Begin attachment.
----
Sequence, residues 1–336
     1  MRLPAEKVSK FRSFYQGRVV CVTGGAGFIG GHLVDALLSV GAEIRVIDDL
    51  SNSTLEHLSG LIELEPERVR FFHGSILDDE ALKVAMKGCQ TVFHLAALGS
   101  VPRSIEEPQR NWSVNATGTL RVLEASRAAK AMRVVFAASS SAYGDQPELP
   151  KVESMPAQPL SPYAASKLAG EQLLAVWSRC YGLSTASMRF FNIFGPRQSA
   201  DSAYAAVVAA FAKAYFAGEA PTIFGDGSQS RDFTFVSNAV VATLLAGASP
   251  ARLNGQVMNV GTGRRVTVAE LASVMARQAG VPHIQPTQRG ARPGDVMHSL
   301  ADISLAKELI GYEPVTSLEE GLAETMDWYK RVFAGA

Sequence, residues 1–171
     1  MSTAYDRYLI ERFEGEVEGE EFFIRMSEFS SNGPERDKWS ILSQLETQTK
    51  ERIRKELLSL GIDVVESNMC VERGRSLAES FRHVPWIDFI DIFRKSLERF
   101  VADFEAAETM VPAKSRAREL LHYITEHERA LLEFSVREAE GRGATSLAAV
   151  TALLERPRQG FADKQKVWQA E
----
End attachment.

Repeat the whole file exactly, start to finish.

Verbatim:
Sequence, residues 1–336
     1  MRLPAEKVSK FRSFYQGRVV CVTGGAGFIG GHLVDALLSV GAEIRVIDDL
    51  SNSTLEHLSG LIELEPERVR FFHGSILDDE ALKVAMKGCQ TVFHLAALGS
   101  VPRSIEEPQR NWSVNATGTL RVLEASRAAK AMRVVFAASS SAYGDQPELP
   151  KVESMPAQPL SPYAASKLAG EQLLAVWSRC YGLSTASMRF FNIFGPRQSA
   201  DSAYAAVVAA FAKAYFAGEA PTIFGDGSQS RDFTFVSNAV VATLLAGASP
   251  ARLNGQVMNV GTGRRVTVAE LASVMARQAG VPHIQPTQRG ARPGDVMHSL
   301  ADISLAKELI GYEPVTSLEE GLAETMDWYK RVFAGA

Sequence, residues 1–171
     1  MSTAYDRYLI ERFEGEVEGE EFFIRMSEFS SNGPERDKWS ILSQLETQTK
    51  ERIRKELLSL GIDVVESNMC VERGRSLAES FRHVPWIDFI DIFRKSLERF
   101  VADFEAAETM VPAKSRAREL LHYITEHERA LLEFSVREAE GRGATSLAAV
   151  TALLERPRQG FADKQKVWQA E